Gulf Coast marshes may be irreversibly damaged from Deepwater Horizon oil spill

Volunteers help plant and restore a salt marsh in Lafourche Parish, Louisiana

Volunteers help plant and restore a salt marsh in Lafourche Parish, Louisiana

Much has been written about what’s called the worst oil spill in U.S. history – Deepwater Horizon. Now there’s even a major motion picture about it.

What has only received limited national press has been the devastating effect and impact on Louisiana’s marshes, home to over 5 million migratory waterfowl each year as well a large population of brown pelicans, terns, and other tropical birds and a variety of other endangered species. A 2014 pictorial view of the Louisiana coastline was one of the few and sobering accounts of the devastation long after the fact.

Now a study, published today in the journal Scientific Reports, finds the oil spill caused widespread erosion in the salt marshes along the coasts of Louisiana, Alabama and Mississippi. And researchers say there’s a chance these marshes might never completely grow back.

Scientists have been concerned about how the marshes fared after the oil spill, which they believe affected at least 1,300 miles of shoreline from Texas to Florida.

Evident erosion of Louisiana's Barataria Bay marshland

Evident erosion of Louisiana’s Barataria Bay marshland

Lead study author Brian Silliman, Rachel Carson Associate Professor of Marine Conservation Biology at Duke’s Nicholas School of the Environment, who led the new large-scale analysis, says that the study “documents one of the largest declines in an ecosystem following the Deepwater Horizon oil spill. Marshes that experienced elevated erosion due to high levels of oiling didn’t recover; they’re now gone, having been converted to mudflats in the shallow underwater environment of the Gulf.”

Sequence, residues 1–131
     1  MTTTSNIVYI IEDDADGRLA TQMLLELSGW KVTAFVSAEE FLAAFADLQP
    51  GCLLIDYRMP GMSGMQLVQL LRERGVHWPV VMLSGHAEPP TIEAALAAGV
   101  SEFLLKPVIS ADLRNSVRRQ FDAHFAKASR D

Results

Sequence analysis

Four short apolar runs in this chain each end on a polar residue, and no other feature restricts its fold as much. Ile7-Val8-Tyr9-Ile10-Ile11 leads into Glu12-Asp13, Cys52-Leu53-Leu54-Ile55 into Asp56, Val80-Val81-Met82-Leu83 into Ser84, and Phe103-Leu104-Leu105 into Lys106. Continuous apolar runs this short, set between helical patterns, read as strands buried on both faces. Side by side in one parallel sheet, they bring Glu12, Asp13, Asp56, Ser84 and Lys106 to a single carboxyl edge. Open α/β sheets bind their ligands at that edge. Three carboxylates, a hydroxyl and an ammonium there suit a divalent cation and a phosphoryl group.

And a report earlier this year by conservation organization Oceana synthesized research pointing to a wide range of effects. These include endangered sea turtles, bottlenose dolphins, coral reefs, shorebirds and all kinds of fish have suffered increased mortality, developmental defects or reproductive declines as a result of exposure to the oil.

Two years after the disaster, scientists acknowledged that the worst effects would show up over time. Now they are and the prognosis is grim. There are those who are working feverishly to try to stop the serious erosion with a variety of schemes. Will they be enough?

Human beings have a penchant for acting after the fact, when it’s almost too late to recover. Sad but true.

Still, if sheer determination counts for anything, there may be a glimmer of hope for the Louisiana marshlands. As to the marine life that calls it home, the answer is we just don’t know.

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